Results of MacLabs at MacWorld

ick sums it up.

Took the AppleScript MacLab (2 hours) and while the instructor may be “all that” in Automator and PeachPit circles, the class was rambling, undirected, and not very useful. Tried to cover waaaaay too much with nowhere near the depth even a beginner would need to get started. I could learn far more spending two hours poking around here and reading the tutorials here.

Also took the UNIX Scripting MacLab (2 hours) and it didn’t fit the description. I was looking for a very basic intro to UNIX command-line scripting…introduction to grep, awk, sed piping, etc. Turns out it was 4 hours of material tried to be crammed down to 2 and was aimed more at systems administrators coming from a UNIX-centric background and “having to work with” Macs. Meant I was 25-50% lost most of the two hours.

He did give a nice quick overview of the various shells and scripting languages, but his overview of AppleScript was aweful. Even someone like me realized his informaton on AppleScript was a few years out of date, he used bad terminology (they are handlers not subroutines or functions for crying out loud, for a start), and he never once mentioned the “do script” command (which given that he covered bash, perl, etc. would seem a natural thing to mention). I found that you could execute AppleScript from shell (via osascript) kinda ironic.

One thing it did do is help me appreciate the syntax of AppleScript or JavaScript. Bash seemed straightforward, but Ruby has the most bizarre syntax I’ve ever seen. Perl’s syntax is decent too. What do command-line geeks have against human-readable programming languages and scripting, anyway? ;-p Honestly, I’d rather use AppleScript with the necessary “do script” to do stuff faster or that AppleScript just can’t do than stick 100% with Perl or any other scripting for the “rapid development” I have to do 99% of the time. I like the idea that some other programmer can just read my code and make some basic sense out of it (this was brought home in the class where most students could tell what the AppleScript did just by staring at it).

Both classes I got something out of in my own peculiar way, but overall they were quite aweful.

And the Expo itself? I think they named it wrong, it was really iPodWorld or iPhoneWorld. Also disappointing unless you live a trendy, “mobile lifestyle.”

Ah well, cross my fingers for next year. ;p

The big advantage of AppleScript syntax is that it makes it easy to get a broad idea of what an existing AppleScript does, even if you don’t know the AppleScript language in particular or programming in general.

The big disadvantage of AppleScript syntax is that it makes it very difficult to form an accurate understanding of how it actually does it. For example, is ‘foo bar’ a property name, a constant name, a command name, a command name followed by a property/constant/variable name, or something else again?

With more conventional language syntaxes, you have the opposite situation: in order to make any sense at all of an existing script, you first have to learn to read the syntax and know some basic programming. OTOH, once you’re past that initial hurdle, it’s easier to understand exactly what makes it tick, e.g. x.foo_bar is a property name, :foo_bar is a constant, foo_bar() is a command, foo(bar) is a command name followed by a variable name, and so on.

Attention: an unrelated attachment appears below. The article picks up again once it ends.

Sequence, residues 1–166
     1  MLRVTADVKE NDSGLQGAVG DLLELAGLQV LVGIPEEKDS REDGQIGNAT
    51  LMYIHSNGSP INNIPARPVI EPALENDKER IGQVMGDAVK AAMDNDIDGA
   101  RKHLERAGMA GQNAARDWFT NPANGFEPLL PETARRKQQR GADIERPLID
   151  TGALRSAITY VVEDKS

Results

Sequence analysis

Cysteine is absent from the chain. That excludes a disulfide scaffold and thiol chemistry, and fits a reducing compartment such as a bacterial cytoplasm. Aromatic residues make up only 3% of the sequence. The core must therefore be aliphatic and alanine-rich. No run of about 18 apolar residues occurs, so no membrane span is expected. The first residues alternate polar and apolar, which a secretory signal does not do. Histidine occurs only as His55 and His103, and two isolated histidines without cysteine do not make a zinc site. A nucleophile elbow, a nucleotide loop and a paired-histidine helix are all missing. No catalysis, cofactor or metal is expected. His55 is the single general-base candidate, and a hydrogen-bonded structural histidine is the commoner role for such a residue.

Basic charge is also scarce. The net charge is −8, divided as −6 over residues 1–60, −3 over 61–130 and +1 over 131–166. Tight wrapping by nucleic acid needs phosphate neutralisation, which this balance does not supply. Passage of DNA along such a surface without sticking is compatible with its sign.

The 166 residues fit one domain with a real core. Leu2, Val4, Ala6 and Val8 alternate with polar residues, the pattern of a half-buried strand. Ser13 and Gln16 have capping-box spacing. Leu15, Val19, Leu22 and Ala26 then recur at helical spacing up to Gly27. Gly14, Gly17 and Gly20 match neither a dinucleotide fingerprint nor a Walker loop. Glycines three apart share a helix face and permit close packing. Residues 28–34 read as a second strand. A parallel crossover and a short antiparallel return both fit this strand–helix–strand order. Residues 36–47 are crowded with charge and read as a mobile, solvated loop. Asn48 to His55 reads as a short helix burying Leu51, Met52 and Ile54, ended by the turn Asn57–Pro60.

The upshot of this is that AppleScript has a lower barrier to entry but higher cost of use compared to other languages. It’s a trade-off, but one that probably fits quite well with the needs of many AppleScripters, who write relatively small programs on an irregular basis. A high cost of entry will be harder to justify if you don’t actually use the language very often. OTOH, if you write large programs on a daily basis then what matters most is long-term productivity, and you’ll recoup the time taken to learn a language fairly quickly by comparison.


I agree hhas, I agree. Well, to a point anyway. :wink:

Funny, your description is why I chose FaceSpan over Apple’s application development environment…though nobody here ever seems to get that. :slight_smile:

Ruby then must be ultimate by that standard (or the extreme example?)…looks super-shorthand. I can make some sense out of it, but it’s less human readable at a glance than any language I’ve seen in a while…and I’ve used some oldies (anyone ever played in line-BASIC?). Then there are things like JavaScript which go a bit overboard on syntax. Call me a fuddy-duddy, but some of the older precedural languages like C and PASCAL were reasonably human-readable, they just lacked features. Even line-BASIC was more or less human-readable.

I think language designers have fun inventing syntax and rules only the elite will understand, which keeps their club exclusive. Which is probably why I have some attachment to AppleScript…it speaks to the less-excluding side of me, the ease-of-use-that-is-Macintosh. I’ve used my share of cryptic and geeky languages, even before procedural languages, and I’m glad to be done with them. Same way I’ve used my share of operating systems and machines that needed too much tweaking all the time, and glad I found the Macintosh all those years ago.

Maybe what we need is some programming-language designer who is not so prideful of some existing language to meld the best aspects of AppleScript with something like Perl. Or just wait for AppleScript so slowly evolve (and it has, albeit VERY slowly).

For the record though, length of script has less to do with it that frequency. I write scripts relatively infrequently, but my “proudest creation” is Clorox File Repair…1400 lines of AppleScript application. You can write 'em long n-useful if you need to. :wink:

Okay, so I rant. :slight_smile:

Would you mind posting some of the Ruby code you are describing?

He posted some more wild examples (well, wild to untrained eyes, to hhas’ point), but you can poke-around here: